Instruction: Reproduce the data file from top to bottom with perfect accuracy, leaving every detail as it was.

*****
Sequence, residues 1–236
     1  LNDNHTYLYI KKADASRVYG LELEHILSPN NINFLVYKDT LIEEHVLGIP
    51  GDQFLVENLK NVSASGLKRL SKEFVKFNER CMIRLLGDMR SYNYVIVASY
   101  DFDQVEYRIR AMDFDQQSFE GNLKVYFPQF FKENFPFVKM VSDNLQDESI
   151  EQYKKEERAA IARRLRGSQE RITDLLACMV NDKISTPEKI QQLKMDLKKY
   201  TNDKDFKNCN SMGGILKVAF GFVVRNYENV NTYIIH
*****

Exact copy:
Sequence, residues 1–236
     1  LNDNHTYLYI KKADASRVYG LELEHILSPN NINFLVYKDT LIEEHVLGIP
    51  GDQFLVENLK NVSASGLKRL SKEFVKFNER CMIRLLGDMR SYNYVIVASY
   101  DFDQVEYRIR AMDFDQQSFE GNLKVYFPQF FKENFPFVKM VSDNLQDESI
   151  EQYKKEERAA IARRLRGSQE RITDLLACMV NDKISTPEKI QQLKMDLKKY
   201  TNDKDFKNCN SMGGILKVAF GFVVRNYENV NTYIIH